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Living with sliding sash windows

Updated: Apr 16


The Sash window at Ham house


The following may seem less than useful to the person in the street

However, if you own a property with sash windows fitted read on it could save you serious money ( Neil Edward England)


A Bit of building heritage history


The earliest recorded example of a vertical, sliding sash window is in a 1658 Dutch landscape painting by Vermeer. This innovation soon came to Britain, with examples at Chatsworth House in Derbyshire, Kensington Palace and, as well as a rare survivor dating from 1701 at Ham House. If you’re aware of sliding sash windows coming earlier from, say, eastern Europe, let me know!


The design was revolutionary because it allowed light to flood in, could be left wide open or with only a crack for ventilation and was less likely to rot like the casement (top and side opening window leaves), windows that preceded it – the box construction in which the

sash weights sit offer protection from damp and rain. They are also less likely to warp.

What is not readily understood is, they revolutionised, in part, the idea of building higher without concern of window issues. Being easily serviced from within, (Pop out the staff and parting beads) lower the sashes into the room, all re-roping and pulley changes/weights etc, done from within.

It is little wonder, then, that the sash became the window of choice, from cottage to palace, well into the 20th century, although there are subtle clues to figuring out their age.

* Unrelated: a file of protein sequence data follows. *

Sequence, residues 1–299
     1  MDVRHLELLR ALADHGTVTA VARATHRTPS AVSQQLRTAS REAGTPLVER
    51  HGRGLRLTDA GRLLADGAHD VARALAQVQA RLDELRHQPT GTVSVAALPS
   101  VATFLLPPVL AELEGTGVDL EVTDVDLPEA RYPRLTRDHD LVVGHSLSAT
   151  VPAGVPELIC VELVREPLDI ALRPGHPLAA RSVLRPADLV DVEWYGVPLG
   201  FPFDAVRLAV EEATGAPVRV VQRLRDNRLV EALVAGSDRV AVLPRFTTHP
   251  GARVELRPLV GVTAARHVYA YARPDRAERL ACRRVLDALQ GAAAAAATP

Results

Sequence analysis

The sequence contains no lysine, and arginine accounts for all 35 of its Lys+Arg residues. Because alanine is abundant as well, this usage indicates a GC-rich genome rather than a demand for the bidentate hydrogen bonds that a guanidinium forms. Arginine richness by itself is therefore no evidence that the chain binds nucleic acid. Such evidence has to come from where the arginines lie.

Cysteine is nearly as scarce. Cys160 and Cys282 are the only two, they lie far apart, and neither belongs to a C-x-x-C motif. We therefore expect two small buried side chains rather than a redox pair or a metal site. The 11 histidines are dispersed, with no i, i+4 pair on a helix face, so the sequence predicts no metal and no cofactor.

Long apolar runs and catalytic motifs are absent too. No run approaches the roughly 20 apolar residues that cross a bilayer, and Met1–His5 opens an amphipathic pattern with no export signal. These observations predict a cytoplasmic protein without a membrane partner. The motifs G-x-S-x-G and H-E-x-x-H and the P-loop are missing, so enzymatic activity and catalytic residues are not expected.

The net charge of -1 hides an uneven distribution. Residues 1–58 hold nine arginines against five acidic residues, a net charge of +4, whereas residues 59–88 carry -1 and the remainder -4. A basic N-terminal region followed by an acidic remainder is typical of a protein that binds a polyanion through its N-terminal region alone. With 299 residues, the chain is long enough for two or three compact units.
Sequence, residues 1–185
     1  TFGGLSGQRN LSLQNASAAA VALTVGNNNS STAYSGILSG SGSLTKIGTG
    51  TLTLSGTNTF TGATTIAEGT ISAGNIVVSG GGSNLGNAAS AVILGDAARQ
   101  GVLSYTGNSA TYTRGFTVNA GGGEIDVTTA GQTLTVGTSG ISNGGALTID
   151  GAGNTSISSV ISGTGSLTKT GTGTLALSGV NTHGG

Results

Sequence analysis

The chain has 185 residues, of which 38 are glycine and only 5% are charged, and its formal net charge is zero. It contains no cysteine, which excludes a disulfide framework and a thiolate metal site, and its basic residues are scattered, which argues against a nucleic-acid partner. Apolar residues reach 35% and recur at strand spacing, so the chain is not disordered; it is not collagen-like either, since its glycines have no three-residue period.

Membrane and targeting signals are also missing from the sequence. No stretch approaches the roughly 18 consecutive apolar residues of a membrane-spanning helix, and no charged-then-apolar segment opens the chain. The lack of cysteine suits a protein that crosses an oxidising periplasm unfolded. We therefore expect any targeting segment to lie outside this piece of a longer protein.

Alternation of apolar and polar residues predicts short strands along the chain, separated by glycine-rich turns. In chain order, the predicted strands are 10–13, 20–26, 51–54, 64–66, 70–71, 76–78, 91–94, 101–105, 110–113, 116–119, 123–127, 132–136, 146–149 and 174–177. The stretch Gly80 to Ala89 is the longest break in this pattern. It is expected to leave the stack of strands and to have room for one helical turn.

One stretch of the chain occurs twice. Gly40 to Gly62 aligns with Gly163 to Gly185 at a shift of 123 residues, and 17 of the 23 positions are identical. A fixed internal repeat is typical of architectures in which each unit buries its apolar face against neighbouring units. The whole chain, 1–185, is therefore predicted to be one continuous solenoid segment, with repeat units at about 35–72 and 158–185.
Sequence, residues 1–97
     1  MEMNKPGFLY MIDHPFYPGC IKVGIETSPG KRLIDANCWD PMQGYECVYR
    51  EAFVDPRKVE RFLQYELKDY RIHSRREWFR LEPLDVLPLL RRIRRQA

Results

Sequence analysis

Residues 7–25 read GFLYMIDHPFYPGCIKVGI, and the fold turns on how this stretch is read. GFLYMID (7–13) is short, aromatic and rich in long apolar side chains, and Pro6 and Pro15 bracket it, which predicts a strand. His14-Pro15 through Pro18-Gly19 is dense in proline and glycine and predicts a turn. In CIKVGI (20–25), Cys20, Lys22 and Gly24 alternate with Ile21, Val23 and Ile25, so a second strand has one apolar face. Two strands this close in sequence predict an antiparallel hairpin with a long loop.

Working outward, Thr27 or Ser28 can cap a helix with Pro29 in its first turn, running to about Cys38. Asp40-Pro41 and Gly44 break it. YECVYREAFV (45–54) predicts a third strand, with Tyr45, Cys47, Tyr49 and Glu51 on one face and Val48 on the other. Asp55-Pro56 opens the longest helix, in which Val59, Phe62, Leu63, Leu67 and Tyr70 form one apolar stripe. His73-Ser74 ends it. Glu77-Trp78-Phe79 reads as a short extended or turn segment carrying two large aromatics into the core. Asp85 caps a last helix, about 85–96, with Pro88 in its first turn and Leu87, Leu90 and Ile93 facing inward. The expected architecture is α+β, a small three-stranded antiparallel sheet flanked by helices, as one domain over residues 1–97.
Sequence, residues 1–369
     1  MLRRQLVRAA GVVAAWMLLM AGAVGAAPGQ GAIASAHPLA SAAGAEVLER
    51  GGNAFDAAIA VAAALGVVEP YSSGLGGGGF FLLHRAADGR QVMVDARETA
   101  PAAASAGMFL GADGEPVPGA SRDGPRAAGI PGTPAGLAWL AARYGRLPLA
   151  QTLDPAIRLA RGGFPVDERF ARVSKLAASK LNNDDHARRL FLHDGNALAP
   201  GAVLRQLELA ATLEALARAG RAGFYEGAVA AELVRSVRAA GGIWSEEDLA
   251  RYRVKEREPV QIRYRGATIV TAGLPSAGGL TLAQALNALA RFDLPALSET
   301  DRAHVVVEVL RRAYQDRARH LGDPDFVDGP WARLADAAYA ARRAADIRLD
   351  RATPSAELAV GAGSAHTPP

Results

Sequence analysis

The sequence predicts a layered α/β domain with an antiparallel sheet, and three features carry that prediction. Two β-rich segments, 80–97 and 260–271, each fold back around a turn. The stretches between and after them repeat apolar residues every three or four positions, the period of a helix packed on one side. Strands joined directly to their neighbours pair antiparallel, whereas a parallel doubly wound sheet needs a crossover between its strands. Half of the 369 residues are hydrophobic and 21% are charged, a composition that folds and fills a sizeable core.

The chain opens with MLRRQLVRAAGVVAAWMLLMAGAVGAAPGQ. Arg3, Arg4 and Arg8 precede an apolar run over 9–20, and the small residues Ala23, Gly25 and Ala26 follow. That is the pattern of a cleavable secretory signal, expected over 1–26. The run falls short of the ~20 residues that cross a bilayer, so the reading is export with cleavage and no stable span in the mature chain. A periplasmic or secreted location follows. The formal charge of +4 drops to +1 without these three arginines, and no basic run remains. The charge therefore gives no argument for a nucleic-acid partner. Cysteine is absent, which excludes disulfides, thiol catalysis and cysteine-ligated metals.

Typical section.


( please note a more accurate drawing will replace this)

Generally, smaller panes and finer glazing bars indicate older windows. As glass technology improved in the Victorian era, allowing the manufacture of larger panes, glazing bars became a little thicker and horns, also known as joggles, were added to the lower corners of the upper sash and to the lower to strengthen the joint and carry this heavier weight.                   (this point I argue as also a fashion choice). Your choice.


The number of panes also reduced, so a typical Georgian or Regency sash might have six or eight panes in each half of the window – known as a six over six or eight over eight – while its Victorian counterpart might be four over four, two over two or even one over one.


How they were made


Box sashes get their name because they resemble boxes in their construction. The sides and top of the window form a box section made from very high-quality planks that were cut from the of slow-grown pitch or white pine. High RPI. Only the sill is solid and was usually made from knot-free English oak.


The hollow sides/boxes contain the balancing weights, which were made from either cast iron or lead and connected via a pulley mounted in a cast iron cage to the sash window with a waxed rope.


Quick naming guide.                     Section of a cavity wall with a sash windo

How they were installed.


This is so much more important than it seems. Ventilation is the key. The boxes were fitted, unpainted, into the brickwork that was designed to be at least 2” wider than the sash box and at least 3” taller than the box itself. It was laid against the projecting brickwork nib/reveals and held in place with wedges between the frame and the wall 

This allowed six things to occur:

  1. The joiner could align the box frame in the wall without using any nails, which might have twisted the frame and of course in time, rusted.